It would seem crazy to jump into entrepreneurship just when the entire startup world seems to be crumbling and words like “down round” are entering popular vocabulary. But that’s exactly what I did. After co-founding the venture capital fund AngelPrime (now Prime Venture Partners) five years ago, I quit it late last year to start my own venture.
Why did I? A part of it is my deep conviction on the idea that I’m working on, which I believe will change many lives in India. Having seen many, many bubbles and their bursts, it’s also my deep conviction that the best companies are formed during the downturns.
Here is the life cycle of a bubble:
- Some massive rapid tech-driven consumer behaviour change (US: PCs in early 90s, Internet in late 90s; India: Smartphones in the last three years)
- Hungry capital starts flowing in
- Smart entrepreneurs taking advantage of both the consumers and the hungry investors
- Everybody wants to be the smart entrepreneur. All the geeks suddenly look cool
- Better ideas and lower hanging fruit get quickly gobbled up, but the momentum of capital and new entrepreneurs is unstoppable
- Things go over the top (San Francisco circa 1999 or Bangalore circa March 2015) – crazy parties, unbelievable salaries, mass migration to the money centres like Bengaluru, Gurgaon, Powai
- Smartest of the wallets get shut quickly. Memo doesn’t go out fast enough to everyone and the party still continues, but cluster of people in parties start asking questions. (When I started writing the article last December, we were in this phase.
- Air starts going out fast. Down rounds and layoffs start happening (We are in this phase now).
- Media, which was joyously glorifying entrepreneurs, now gleefully report their misery. General public LOVES this schadenfreude – it was never thrilling to watch 24-year-olds give big lectures in the first place
- Venture Capitalists who encouraged unbridled spending three months ago, now, “want to see a path to profitability”.
- Flight to safety:“Consolidations”, which is a fancy investor buzzword for selling the dogs in your portfolio for whatever you can get, starts happening.
- The smarter startup employees start asking questions about company finances and “negative gross margins”. Quietly update their LinkedIn profiles.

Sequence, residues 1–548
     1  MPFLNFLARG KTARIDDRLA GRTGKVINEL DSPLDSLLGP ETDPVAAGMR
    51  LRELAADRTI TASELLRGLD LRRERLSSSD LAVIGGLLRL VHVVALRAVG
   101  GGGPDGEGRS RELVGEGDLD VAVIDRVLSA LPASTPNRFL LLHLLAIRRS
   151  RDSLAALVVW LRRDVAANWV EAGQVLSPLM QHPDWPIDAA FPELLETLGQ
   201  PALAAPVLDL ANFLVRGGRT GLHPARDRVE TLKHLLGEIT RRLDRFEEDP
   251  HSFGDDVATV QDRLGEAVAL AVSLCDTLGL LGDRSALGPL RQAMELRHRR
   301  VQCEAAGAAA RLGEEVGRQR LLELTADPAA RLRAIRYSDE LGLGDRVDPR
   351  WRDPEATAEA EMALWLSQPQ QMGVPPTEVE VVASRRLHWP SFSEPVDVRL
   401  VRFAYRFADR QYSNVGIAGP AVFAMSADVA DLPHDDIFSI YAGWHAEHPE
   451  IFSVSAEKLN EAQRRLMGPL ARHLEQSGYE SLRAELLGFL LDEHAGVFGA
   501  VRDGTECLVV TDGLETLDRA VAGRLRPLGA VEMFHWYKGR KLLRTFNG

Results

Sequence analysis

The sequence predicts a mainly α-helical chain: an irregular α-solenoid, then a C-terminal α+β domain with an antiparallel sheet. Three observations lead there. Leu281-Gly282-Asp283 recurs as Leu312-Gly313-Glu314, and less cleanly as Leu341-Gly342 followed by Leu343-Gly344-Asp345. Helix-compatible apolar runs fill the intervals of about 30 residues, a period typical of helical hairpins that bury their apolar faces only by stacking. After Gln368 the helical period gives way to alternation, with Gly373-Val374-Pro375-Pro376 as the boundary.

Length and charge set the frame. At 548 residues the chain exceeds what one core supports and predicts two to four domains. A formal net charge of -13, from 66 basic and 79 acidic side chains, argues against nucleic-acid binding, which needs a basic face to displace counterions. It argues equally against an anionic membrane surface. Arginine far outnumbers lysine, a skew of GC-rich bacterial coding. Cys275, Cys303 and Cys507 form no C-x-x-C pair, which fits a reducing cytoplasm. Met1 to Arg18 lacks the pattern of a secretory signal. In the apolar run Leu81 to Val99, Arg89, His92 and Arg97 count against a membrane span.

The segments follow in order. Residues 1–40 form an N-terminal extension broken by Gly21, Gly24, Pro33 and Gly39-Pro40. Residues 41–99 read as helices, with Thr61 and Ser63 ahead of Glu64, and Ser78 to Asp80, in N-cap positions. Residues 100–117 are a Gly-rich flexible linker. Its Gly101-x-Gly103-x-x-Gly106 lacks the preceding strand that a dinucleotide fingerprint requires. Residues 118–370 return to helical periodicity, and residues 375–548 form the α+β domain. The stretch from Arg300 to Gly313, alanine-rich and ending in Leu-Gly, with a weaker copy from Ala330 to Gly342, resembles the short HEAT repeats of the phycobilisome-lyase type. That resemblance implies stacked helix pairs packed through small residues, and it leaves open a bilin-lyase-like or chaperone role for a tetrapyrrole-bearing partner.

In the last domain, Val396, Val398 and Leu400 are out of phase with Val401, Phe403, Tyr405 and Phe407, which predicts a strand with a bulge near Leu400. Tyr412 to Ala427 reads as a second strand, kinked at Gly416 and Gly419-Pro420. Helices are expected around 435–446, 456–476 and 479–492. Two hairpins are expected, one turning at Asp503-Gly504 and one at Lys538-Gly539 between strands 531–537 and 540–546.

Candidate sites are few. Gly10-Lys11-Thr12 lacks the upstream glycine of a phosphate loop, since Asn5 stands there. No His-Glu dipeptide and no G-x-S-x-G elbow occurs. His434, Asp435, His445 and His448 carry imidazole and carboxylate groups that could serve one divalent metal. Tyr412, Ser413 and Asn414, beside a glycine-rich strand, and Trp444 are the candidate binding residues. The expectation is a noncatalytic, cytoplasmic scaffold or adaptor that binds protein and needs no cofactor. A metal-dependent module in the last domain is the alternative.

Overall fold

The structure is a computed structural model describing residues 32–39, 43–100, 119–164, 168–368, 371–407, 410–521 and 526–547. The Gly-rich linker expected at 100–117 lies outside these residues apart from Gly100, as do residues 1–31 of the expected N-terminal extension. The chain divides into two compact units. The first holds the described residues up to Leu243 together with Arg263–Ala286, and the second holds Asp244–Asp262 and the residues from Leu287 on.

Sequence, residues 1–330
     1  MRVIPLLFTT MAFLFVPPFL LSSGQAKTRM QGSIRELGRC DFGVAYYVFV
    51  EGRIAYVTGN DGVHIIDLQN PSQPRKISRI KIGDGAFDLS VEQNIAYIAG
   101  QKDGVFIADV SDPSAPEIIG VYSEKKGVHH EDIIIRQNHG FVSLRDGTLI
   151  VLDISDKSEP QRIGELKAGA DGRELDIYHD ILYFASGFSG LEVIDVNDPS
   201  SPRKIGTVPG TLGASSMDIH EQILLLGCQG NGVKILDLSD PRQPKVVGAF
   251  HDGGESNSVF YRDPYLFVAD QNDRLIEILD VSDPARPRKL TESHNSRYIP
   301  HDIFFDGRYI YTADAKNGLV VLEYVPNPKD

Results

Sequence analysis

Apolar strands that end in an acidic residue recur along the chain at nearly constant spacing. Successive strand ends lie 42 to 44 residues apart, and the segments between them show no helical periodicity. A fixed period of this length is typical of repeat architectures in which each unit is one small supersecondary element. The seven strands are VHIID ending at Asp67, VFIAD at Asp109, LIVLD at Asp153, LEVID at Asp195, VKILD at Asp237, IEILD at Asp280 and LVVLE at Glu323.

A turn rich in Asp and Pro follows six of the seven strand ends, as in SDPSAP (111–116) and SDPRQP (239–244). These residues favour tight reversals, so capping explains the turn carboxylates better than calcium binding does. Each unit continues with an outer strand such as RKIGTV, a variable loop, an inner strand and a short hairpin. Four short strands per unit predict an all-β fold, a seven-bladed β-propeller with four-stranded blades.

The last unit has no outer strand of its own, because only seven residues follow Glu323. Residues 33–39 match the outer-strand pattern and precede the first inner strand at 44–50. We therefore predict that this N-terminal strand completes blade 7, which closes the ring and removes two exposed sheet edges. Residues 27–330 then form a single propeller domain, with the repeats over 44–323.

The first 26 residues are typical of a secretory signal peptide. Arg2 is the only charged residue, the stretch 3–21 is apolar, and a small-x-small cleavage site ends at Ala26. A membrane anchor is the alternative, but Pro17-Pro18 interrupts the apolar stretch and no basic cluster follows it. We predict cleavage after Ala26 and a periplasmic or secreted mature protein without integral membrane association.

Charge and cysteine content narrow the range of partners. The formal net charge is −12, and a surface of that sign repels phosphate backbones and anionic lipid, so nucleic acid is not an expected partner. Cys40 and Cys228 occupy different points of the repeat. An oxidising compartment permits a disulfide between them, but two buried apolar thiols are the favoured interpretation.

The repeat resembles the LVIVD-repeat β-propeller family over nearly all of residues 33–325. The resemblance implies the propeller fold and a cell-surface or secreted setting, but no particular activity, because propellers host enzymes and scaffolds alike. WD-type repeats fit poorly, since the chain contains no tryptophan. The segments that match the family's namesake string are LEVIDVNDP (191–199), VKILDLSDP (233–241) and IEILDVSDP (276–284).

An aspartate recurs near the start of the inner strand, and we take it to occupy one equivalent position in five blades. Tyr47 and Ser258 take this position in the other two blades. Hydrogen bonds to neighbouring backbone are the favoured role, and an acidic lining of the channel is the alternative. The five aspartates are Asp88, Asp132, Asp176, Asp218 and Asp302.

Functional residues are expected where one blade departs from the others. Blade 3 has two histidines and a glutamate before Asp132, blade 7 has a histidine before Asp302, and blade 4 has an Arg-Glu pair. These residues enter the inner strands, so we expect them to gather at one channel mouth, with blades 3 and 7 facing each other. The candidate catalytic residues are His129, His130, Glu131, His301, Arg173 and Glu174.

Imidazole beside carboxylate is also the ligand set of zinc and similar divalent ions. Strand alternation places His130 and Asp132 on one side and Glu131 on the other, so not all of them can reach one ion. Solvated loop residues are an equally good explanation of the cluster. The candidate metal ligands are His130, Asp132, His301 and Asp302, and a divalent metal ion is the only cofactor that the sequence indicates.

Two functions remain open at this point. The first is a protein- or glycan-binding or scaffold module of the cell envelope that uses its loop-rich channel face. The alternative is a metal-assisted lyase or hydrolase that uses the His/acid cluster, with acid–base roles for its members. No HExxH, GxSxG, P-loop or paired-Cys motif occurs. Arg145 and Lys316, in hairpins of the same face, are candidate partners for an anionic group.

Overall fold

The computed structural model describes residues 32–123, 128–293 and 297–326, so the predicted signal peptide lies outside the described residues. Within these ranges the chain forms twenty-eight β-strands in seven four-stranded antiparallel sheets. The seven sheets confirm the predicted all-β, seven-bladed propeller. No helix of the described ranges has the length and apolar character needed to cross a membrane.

- Entrepreneurs wake up with night sweat.
- Panic and over-correction.
- A year or two passes and sanity returns.
- Back to Step 1.
Here is my advice to fellow entrepreneurs; this is the time to be very hard nosed. Forget about what everyone is telling you. This is yours and yours alone to figure out.
- Keep a very close track of the money in the bank and your expenditure.
- Grab every bit of money you can get your hands on. Don’t worry about valuations, optimisations, etc.
- Make a plan to cut down your spend. And then tear up the plan and make a new one to spend half the amount you spent on the previous one.'
- Don’t consider how you appear to your friends, parents, etc. You’ll look and feel a lot worse if you don’t make the hard calls now.
- If your business fundamentally needs a lot of money to scale or your unit economics are bad, then orchestrate a graceful exit for yourself and your employees.
- Don’t join a large company once you quit. No matter what you’ve done and how badly you’ve done it, you’ve had the guts to quit your job and take this journey. You’ve definitely learnt a lot. At least put it use in another/better startup that is well funded. You can repair your finances at the same time monetising your learning’s
On the flip side, if you do think you have good unit economics and you have enough money to ride out the storm, congratulations on making it this far! This is the best time to build a great company. Yes, you’re not becoming a “unicorn” tomorrow. But without the froth, everything is going to get easier. You don’t need to pay the one crore in salary to get great people or spend crazy money in marketing that you never believed in but just had to. Your competition is going to thin out. You can put your head down and build a great company!
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